I was disappointed in the election result. More than disappointed, heartbroken, angry, scared. Like many, I felt blindsided by what happened.
I cast my vote early in the state of Nevada, but I still felt the excitement all day of having a woman president. Thoughts of future conversations with my daughter were on my mind, and every time I read about or saw pictures of a woman born before the passage of the Nineteenth Amendment casting her ballot, I would start crying for joy.
Wednesday, then, was a hard day. Thankfully, it was a teaching day and so I was able to acknowledge to my students that the election results were in and that they likely felt very differently about those results, but then I was able to throw myself into the business of planning classes, lecturing, and talking with students.
It’s been harder to do writing this week. Having the discipline to sustain thought on the page without going over to social media or a news site has been incredibly difficult. The thoughts wander. The hard revision project stays neatly tucked into its folder.
But I’ve been able to do a little work, and I must admit that it’s a comfort. Yesterday, I found myself thinking about two things: a very sad conversation with a student and a tremendously optimistic description of what it means to write.
I start with the sad (and I’m speaking in generalities here, because it’s not fully my story to tell). On Wednesday, a student saddened and frightened by the election came by to talk. He was seeking advice about how to continue on in what appear to him to be very dark days to come and in a nation that appeared to have rejected him and the one that he loves.
To this student I offered the advice that has sometimes sounded frivolous but seems increasingly important. “You’ve heard of radical self-care?,” I asked. “You must take care of yourself and the one that you love. You must go forward and continue to be. You’re being here and doing work is political.”
While there are ways to challenge energies that are overtly political, and I think these are important, there’s also value to staying the course and staying voices in the public realm (here is my own account of being shamed for writing earlier this year: http://www.katherinefusco.com/yoga-and-academe/so-ive-been-publicly-shamed-on-writing-and-resilience ), especially at the very moment we feel our voices (or our persons) being pushed out. What I hope for this student and his loved ones is that he/they carry on in writing, in sounding voices, in making themselves heard.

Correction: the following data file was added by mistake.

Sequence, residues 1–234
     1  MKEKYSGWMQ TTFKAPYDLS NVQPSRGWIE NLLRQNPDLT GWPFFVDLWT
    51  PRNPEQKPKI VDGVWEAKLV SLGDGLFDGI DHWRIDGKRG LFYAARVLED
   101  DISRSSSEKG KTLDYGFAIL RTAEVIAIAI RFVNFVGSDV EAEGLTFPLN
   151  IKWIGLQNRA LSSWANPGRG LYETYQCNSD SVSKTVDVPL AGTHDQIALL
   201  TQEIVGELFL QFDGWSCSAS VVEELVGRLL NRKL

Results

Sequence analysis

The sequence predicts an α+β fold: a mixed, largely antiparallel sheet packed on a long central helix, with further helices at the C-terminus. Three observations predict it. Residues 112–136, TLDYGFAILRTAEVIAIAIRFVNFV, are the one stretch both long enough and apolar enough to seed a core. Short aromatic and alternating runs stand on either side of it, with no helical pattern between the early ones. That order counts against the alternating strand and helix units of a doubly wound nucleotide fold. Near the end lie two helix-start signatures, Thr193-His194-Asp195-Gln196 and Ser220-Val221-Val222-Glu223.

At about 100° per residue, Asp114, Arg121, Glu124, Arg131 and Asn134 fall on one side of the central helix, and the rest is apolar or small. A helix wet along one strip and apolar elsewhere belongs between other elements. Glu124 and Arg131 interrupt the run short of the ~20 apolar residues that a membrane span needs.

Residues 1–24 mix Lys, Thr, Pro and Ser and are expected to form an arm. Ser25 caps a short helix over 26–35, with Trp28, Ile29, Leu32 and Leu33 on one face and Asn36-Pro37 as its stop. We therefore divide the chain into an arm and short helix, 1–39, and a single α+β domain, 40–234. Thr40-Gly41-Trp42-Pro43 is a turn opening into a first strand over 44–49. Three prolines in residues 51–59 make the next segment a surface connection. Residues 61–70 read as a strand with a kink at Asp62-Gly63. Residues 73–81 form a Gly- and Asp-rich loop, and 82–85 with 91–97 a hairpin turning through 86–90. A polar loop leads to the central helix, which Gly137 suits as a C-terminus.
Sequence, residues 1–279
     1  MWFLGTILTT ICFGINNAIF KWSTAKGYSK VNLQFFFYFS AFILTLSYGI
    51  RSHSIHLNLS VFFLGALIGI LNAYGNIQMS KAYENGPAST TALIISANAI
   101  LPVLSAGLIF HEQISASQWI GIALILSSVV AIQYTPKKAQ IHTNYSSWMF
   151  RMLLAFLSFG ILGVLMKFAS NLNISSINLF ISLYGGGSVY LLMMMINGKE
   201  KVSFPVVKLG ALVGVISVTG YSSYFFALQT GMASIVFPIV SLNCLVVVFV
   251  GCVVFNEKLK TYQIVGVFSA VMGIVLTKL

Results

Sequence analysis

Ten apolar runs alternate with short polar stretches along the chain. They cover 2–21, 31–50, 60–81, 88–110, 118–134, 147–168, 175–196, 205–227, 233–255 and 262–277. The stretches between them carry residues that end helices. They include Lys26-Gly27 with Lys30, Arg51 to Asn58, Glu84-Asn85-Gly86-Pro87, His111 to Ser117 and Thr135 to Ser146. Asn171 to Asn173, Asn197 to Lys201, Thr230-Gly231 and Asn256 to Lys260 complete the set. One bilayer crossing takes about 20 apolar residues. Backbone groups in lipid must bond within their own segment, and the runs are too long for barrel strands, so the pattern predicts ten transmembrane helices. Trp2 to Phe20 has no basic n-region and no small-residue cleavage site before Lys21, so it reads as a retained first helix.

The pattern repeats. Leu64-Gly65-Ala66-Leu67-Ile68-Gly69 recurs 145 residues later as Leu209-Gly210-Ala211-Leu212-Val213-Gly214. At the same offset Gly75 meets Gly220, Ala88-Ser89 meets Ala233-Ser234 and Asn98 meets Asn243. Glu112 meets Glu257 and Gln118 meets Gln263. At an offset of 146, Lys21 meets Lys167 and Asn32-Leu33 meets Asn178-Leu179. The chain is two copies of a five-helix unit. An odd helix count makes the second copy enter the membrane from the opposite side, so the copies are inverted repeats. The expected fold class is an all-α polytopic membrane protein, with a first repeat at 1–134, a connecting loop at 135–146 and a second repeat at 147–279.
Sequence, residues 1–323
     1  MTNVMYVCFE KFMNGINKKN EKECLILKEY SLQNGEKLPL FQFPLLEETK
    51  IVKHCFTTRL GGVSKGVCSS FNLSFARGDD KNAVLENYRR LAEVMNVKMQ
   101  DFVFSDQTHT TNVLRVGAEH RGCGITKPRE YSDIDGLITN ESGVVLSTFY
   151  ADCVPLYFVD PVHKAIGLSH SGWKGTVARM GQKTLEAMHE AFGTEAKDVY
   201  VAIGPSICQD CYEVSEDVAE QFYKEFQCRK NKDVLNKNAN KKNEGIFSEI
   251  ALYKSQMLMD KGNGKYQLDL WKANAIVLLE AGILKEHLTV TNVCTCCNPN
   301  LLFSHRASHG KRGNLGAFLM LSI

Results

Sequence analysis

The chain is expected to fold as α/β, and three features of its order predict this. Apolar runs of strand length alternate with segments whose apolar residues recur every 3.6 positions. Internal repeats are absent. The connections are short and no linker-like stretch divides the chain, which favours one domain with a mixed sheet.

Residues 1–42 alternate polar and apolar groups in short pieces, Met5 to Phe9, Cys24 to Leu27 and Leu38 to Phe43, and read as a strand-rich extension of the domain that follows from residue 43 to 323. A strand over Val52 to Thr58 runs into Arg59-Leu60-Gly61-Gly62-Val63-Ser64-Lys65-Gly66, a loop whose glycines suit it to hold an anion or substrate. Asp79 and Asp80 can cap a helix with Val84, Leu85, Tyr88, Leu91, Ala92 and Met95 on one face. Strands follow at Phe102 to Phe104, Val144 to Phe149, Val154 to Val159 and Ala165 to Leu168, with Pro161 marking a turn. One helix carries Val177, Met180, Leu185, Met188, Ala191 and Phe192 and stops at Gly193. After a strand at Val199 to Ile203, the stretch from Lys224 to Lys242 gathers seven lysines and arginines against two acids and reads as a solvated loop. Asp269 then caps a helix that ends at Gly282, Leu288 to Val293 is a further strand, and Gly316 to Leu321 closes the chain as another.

And this is where I turn to the optimistic side of a writing life. If, on the one hand, writing matters because it is a way of insisting, “here I am, I exist,” it also matters because it posits a reader.
There’s a moment in Stephen King’s On Writing in which he describes writing as a magic trick. The writer imagines something in his mind (I believe it’s a tiger with a number on its back), and then through these squiggles on a page, BAM, seconds later, that same something appears in the reader’s mind. Magic!
To me, this is writing as utopian project. It is future looking and it suggests a connection, a coming together. It suggests a continuance not just of the author’s voice but also of an author and a reader going along together into a future time.
Sometimes the companionship we seek is that of our compatriots, but sometimes it must also be that of the people we feel ourselves fighting. Yesterday, I wrote a brief note to a relative who voted differently than I had. I wanted to meet her in that magic space of potential. I wanted to say, I am trying to understand what has happened and what you think and I am trying to ask you to understand the way I am feeling about what has happened. I don’t know that the exchange was perfect, but it was an attempt to explore this time and to see how we will meet in the future.
At the same time that writing is a way to be strong and hold ground, to say, “I’m still here, whether anyone likes it or not,” it’s also a meeting ground. It is vastly flexible and remains worth doing.